Loan-to-Value (LTV)

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Definition of 'Loan-to-Value (LTV)'

The loan-to-value (LTV) ratio is a measure of the amount of money a borrower is borrowing relative to the value of the property they are buying. It is calculated by dividing the loan amount by the appraised value of the property. For example, if a borrower is borrowing $200,000 to buy a house that is appraised at $300,000, the LTV ratio would be 2/3, or 66.67%.

The LTV ratio is an important factor in determining the interest rate on a mortgage loan. Lenders typically charge higher interest rates on loans with higher LTV ratios because they are considered to be riskier. This is because the borrower has less equity in the property, which means that the lender is more likely to lose money if the borrower defaults on the loan.

The LTV ratio can also affect the down payment required for a mortgage loan. Lenders typically require a down payment of at least 20% of the purchase price of the property. However, some lenders may be willing to accept a lower down payment if the borrower has a high credit score and a low LTV ratio.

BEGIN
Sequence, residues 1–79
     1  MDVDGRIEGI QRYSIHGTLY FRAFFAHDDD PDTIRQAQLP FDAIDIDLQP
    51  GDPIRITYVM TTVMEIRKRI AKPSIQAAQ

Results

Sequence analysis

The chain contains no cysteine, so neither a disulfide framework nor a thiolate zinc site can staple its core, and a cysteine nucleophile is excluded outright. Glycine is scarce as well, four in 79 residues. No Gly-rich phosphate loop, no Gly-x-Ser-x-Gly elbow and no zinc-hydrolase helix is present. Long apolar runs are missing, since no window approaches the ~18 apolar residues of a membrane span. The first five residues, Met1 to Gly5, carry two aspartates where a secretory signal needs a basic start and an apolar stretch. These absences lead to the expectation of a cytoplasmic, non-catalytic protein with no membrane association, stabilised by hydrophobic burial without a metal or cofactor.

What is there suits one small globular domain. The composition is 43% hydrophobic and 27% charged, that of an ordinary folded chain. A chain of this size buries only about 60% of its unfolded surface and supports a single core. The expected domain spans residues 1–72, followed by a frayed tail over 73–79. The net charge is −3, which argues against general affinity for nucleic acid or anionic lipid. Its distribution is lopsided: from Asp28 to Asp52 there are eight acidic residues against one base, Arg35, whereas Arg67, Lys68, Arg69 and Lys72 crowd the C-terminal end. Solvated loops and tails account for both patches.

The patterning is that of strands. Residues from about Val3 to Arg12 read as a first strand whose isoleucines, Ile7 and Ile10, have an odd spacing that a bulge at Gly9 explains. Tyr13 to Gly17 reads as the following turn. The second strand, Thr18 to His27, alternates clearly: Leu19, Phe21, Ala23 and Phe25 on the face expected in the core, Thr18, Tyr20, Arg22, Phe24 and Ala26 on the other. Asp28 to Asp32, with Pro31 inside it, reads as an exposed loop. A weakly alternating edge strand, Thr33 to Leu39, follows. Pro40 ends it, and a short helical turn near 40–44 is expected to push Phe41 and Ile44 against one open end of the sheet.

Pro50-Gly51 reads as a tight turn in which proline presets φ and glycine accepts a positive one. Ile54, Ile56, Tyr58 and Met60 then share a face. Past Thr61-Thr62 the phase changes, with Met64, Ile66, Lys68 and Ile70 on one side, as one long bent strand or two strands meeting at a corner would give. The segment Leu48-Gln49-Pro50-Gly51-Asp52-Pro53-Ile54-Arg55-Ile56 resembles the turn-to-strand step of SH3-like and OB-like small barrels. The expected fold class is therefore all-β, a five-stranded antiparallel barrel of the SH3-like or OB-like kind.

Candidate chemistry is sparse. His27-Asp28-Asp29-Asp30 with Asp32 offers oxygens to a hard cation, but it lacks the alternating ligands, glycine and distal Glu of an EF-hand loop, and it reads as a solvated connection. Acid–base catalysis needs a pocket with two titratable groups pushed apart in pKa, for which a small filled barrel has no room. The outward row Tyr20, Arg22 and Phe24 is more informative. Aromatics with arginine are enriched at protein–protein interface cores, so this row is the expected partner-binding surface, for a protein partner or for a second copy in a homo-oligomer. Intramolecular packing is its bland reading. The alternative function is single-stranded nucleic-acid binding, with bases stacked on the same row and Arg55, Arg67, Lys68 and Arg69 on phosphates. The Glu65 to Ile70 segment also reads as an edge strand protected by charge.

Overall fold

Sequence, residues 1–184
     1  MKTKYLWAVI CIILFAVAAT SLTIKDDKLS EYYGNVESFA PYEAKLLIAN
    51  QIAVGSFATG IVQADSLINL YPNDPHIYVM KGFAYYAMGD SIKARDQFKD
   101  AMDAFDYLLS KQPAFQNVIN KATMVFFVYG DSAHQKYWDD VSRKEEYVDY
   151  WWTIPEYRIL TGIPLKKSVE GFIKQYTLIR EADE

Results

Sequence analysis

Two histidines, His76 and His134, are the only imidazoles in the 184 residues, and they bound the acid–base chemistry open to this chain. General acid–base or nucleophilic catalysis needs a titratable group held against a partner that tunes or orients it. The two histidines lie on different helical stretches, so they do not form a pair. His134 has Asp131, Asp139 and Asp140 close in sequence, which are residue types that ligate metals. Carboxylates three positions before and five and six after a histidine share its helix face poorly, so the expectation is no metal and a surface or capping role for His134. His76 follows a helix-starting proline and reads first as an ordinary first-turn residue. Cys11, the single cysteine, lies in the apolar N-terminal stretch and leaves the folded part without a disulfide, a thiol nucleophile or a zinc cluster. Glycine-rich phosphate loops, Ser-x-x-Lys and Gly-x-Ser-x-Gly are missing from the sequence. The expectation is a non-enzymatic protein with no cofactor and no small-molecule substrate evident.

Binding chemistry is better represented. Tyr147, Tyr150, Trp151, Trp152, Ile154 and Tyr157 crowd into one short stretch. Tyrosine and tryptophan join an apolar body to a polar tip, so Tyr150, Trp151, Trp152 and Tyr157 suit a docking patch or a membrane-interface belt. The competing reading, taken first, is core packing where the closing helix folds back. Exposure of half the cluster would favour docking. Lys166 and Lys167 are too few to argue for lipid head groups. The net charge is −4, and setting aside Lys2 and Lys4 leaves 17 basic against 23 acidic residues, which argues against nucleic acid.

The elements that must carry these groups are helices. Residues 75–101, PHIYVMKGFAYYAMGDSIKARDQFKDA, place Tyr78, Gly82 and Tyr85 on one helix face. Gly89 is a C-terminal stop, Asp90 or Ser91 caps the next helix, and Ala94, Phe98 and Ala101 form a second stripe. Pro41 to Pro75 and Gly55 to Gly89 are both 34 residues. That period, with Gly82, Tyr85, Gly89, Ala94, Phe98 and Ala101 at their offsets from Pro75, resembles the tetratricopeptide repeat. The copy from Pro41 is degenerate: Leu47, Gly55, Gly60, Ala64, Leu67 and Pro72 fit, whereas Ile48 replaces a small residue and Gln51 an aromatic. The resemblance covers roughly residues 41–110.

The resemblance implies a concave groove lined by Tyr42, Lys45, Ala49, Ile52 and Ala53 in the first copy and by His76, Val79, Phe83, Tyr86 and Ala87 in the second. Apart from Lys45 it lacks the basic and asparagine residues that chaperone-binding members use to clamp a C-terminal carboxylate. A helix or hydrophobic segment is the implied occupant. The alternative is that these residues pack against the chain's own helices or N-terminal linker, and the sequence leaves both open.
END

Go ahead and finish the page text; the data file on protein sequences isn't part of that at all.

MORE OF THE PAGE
The LTV ratio is an important factor to consider when buying a home. By understanding the LTV ratio, you can make an informed decision about how much to borrow and what type of mortgage loan to get.

Here are some additional things to keep in mind about LTV ratios:

* The LTV ratio is not the same as the debt-to-income ratio (DTI). The DTI ratio is a measure of a borrower's total debt payments relative to their income.
* The LTV ratio can change over time as the value of the property changes. This can happen if the property appreciates in value or if the borrower makes improvements to the property.
* The LTV ratio can also change if the borrower refinances their mortgage loan.

If you are considering buying a home, it is important to talk to a lender about your LTV ratio and how it will affect your mortgage loan.

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